It wasn't real.

"You did it, Angel."

Angel spun on his heel and saw Lorne leaning against the reception counter.

"You're not real."

"We thought you would be more comfortable hearing this in familiar surroundings, from someone you know."

Angel suddenly felt numb. "Cordelia's dead, isn't she?"

"She has passed on, yes."

Angel closed his eyes. "Who else?"

"The one you knew as Wesley."

He shook his head and rubbed at his face. "I haven't succeeded. I killed my own son -- and then wanted to do it over and over again for what *he* did. That isn't success."

"You have fulfilled the prophecy of the vampire with a soul."

Anger warred with despair and anguish. "So, what? Connor was just another *test*?"

The thing wearing Lorne's face smiled sadly. "You were meant to know love and grow stronger because of it. You were meant to know loss and grow stronger because of it. You were meant to know sacrifice and grow stronger because of it. You were meant to see that you can defeat the evil residing within you. You were meant to learn how to look beyond your own sentimentality and fight that which you love."

"He was a test. Nothing more."

"Not a test. Your final lesson."

Angel moved to the settee and sat, resting his head in his hands. "So the plan all along was for me to be able to kill my own son. Great cosmic joke."

"It was never a joke, Angel. Had you not been able to identify the evil in Connor, he would have killed you, and the Beast would have been victorious."

"I don't understand. I don't understand how a *child* -- *my* child could have... become that. He was just a baby. It wasn't that long ago -- he was just a baby."

"The Tro-Clan prophecy foretold a confluence of events that would bring about the ruination of mankind. The arrival of the one you called Holtz was the first in a chain of events. This was the final event in that same chain."

Angel sat there for what felt like an eternity. The being that wore Lorne's face sat down next to him, smiling gently. "It is time now, Angel."

He looked up, perplexed. "Time?"

"You have fulfilled your destiny as the vampire with a soul." He paused for a moment. "It is time for your..." a small smile curled his lips. "I believe you have often called it your 'Shanshu.'"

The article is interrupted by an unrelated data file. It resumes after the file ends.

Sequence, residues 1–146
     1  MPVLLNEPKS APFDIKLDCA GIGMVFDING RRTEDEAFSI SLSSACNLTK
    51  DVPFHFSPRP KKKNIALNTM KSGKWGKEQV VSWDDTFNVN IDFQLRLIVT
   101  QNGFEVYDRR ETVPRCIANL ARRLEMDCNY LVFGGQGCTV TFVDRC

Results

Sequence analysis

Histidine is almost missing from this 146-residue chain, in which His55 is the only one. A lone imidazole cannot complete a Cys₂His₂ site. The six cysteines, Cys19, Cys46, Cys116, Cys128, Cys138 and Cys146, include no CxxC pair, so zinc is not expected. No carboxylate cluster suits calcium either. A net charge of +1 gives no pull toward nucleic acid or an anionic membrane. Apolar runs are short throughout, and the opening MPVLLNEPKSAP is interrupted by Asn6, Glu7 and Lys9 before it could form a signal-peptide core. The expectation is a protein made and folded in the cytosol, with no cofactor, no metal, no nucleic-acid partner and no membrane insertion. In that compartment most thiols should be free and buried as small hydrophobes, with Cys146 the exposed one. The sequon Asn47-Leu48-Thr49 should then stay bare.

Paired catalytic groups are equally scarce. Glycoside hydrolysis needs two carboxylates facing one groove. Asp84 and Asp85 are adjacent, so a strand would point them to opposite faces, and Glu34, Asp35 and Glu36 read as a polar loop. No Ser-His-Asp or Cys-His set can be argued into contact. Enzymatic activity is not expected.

Angel shook his head slowly. "No. No, I can't. I don't want it. Not if this is the price."

"It is not a matter of price, Angel. It is a matter of destiny. This is your final phase as the vampire with a soul."

"Why do you keep saying it that way? 'The vampire with a soul.'"

"Because that is what you are, Angel. This has been your destiny. And now that your destiny as the vampire with a soul has been completed, it is time for you to move on."

"To what?"

"To your life."

"And another destiny?"

"Everything has a destiny, Angel. Every man, woman, child, animal, demon -- all of them have destinies. Sometimes destiny is to have a child, while other times it is merely to show kindness to another. If you are to choose life, you will undertake yet another destiny, because you will again be in the world -- as a living thing."

He sighed, suddenly tired. "I don't want it. I don't want another destiny, I don't want another life. I don't want any of it."

"You do have a choice, Angel."

His shoulders sagged in defeat. "How is there a choice?"

"You can choose to become a mortal being, or you can choose an afterlife." Angel opened his mouth to say something, but Lorne held up his hand, stopping him. "In that afterlife, you will be reunited with the ones you have cared about and lost. But, please Angel, do not make this choice lightly."

"I know what my answer is."

"Don't give it to me yet. Go back. Think about it. I will come back to you for your answer."

The hotel lobby faded into white and in an instant Angel found himself in the alleyway where the Plymouth had been hidden. His movements were wooden as he lowered himself into the driver's seat. He reached for the ignition; the keys were still there. How thoughtful of the Powers to keep his car from being stolen.